A long-awaited strategy for the UK’s burgeoning hydrogen sector will support over 9,000 new jobs, unlock billions of pounds of investment and drive decarbonisation across a range of sectors the government has claimed.
Building on commitments laid out in the UK government’s ten point green industrial revolution plan the new strategy sets out how government will work with industry to meet its ambition for 5GW of low carbon hydrogen production capacity by 2030. It claims that as much as 35 per cent of the UK’s energy consumption could be hydrogen-based by 2050.
According to a statement released ahead of publication of the full document, the government is consulting on the design of a £240m Net Zero Hydrogen Fund, which aims to support the commercial deployment of new low carbon hydrogen production plants across the UK. Meanwhile, a hydrogen sector development action plan expected to be published in early 2022 will set out government support for supply chain opportunities, skills and jobs in hydrogen.
The sector’s growth is expected to be supported through an approach similar to the Contracts for Difference (CfD) scheme used for the wind sector, which protects developers and consumers from cost volatility.
Other measures outlined include a so-called twin-track approach to supporting both ‘green’ electrolytic and ‘blue’ carbon capture-enabled hydrogen production, and collaborating with industry to develop a UK standard for low carbon hydrogen.
As previously reported by The Engineer, the scale-up of technologies for producing so-called green hydrogen (i.e. hydrogen produced using renewably powered electrolysers) will be particularly important if the gas is to deliver on its low carbon promise.
And some have voiced concern that an over reliance on blue hydrogen, which is produced using natural gas, could undermine the sector’s decarbonising potential. Indeed, a recent study conducted by researchers at Stanford and Cornell university in the US suggests that “fugitive” greenhouse gas emissions from CCS enabled blue hydrogen production plants could mean that blue hydrogen is worse for the environment than simply burning fossil fuels.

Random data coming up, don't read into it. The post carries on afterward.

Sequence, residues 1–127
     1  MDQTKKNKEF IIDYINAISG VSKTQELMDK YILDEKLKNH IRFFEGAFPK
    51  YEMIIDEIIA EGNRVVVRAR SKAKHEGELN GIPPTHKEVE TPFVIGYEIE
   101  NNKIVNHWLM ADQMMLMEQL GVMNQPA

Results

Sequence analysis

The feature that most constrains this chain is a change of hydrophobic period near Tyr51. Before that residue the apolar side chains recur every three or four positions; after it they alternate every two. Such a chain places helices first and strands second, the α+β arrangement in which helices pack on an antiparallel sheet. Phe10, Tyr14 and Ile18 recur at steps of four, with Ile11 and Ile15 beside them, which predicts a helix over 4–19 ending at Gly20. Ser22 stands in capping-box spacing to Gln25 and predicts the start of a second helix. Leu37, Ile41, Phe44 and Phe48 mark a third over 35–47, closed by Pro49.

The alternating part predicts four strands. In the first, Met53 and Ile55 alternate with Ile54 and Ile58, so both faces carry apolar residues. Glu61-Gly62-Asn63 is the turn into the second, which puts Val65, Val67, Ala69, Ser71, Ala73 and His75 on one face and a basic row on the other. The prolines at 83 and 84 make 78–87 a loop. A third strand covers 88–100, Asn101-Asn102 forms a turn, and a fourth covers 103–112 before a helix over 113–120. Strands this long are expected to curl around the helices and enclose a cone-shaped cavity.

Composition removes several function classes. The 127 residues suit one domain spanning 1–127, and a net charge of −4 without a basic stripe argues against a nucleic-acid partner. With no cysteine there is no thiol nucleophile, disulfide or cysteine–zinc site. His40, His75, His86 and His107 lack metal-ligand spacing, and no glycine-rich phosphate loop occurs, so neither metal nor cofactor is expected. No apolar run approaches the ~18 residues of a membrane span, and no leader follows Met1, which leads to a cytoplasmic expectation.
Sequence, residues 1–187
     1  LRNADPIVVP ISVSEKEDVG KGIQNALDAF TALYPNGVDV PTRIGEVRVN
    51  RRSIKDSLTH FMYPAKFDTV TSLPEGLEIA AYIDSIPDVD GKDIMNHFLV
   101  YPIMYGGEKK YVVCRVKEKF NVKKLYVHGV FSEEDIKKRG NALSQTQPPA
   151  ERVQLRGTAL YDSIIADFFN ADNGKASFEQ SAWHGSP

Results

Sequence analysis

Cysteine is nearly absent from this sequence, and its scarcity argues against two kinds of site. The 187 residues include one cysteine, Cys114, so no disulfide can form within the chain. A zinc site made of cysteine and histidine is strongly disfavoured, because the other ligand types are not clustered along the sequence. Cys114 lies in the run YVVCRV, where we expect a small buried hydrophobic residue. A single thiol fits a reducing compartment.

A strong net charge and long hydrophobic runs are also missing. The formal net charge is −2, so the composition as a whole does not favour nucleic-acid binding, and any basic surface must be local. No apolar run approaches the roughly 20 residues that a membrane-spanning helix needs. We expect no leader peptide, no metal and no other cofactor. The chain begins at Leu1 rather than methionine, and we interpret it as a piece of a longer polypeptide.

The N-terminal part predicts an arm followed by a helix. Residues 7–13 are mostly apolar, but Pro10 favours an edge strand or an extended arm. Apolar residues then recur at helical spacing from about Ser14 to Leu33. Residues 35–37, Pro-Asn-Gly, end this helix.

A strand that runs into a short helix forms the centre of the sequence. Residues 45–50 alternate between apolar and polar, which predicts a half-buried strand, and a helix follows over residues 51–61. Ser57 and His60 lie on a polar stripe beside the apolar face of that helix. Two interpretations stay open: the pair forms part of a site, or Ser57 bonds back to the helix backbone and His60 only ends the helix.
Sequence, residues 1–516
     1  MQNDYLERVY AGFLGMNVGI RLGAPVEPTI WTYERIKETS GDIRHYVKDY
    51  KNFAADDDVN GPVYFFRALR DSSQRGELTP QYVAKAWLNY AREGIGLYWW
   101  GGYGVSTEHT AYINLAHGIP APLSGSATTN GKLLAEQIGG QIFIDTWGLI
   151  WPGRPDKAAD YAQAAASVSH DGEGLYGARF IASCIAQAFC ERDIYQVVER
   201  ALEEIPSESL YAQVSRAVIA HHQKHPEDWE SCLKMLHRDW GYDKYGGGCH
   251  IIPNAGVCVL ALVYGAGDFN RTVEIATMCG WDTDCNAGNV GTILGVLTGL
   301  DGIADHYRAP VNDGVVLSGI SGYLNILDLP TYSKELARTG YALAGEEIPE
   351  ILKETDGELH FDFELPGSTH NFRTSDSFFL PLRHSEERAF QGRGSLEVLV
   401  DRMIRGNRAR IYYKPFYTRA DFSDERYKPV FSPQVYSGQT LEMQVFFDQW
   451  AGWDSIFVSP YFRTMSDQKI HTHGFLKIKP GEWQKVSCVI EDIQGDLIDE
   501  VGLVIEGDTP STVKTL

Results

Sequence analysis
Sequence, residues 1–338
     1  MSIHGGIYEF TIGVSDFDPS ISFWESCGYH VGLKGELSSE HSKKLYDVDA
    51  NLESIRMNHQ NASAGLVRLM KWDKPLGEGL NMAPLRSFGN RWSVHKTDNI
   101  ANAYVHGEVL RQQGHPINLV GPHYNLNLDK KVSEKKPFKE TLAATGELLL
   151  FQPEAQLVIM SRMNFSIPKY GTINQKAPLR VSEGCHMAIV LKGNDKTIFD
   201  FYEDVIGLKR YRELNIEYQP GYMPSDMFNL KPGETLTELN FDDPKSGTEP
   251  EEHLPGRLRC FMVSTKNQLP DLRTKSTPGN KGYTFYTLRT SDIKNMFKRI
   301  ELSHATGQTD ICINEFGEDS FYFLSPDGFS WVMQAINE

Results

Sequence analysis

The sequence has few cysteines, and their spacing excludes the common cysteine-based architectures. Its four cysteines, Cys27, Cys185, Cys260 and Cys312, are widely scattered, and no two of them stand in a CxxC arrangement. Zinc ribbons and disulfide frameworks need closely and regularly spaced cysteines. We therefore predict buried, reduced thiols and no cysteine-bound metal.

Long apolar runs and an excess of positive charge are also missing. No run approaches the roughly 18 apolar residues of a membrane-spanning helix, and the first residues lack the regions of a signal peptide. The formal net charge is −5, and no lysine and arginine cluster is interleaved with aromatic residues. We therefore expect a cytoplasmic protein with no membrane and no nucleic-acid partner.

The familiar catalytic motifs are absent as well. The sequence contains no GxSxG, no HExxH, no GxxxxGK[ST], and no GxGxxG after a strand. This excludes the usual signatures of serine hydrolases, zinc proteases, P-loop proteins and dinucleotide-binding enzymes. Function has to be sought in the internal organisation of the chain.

Nevertheless, Initial industry reaction to the strategy has been broadly positive.
CBI policy director Matthew Fell called it a key milestone in the delivery of the 10 point plan that will help the UK capitalise on the opportunities presented by hydrogen, whilst National Grid’s hydrogen director Anthony Green welcomed the clarity it provides, saying “unlocking the potential of hydrogen as a clean energy solution requires significant pace and innovation to scale up production, and the guidance from government today will be key to triggering the investment and buy-in needed to achieve this.”
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Dr Graham Cooley, CEO of leading UK electrolyser manufacturer ITM Power, added: “Today’s announcement is a very welcome step in helping British companies cement their positions as world leaders in hydrogen technology.”
Others have sounded a more cautious note. “Considering the miniscule amount of hydrogen we use for energy today the challenge is huge,” said Prof Rob Gross, director of the UK Energy Research Centre and Professor of Energy Policy and Technology at Imperial College. “As well as figuring out how to make lots of clean hydrogen much more cheaply we will also need to decide where to use it first, and importantly, where we can manage without it. The strategy makes a start on all of that but there is a long, long way to go”.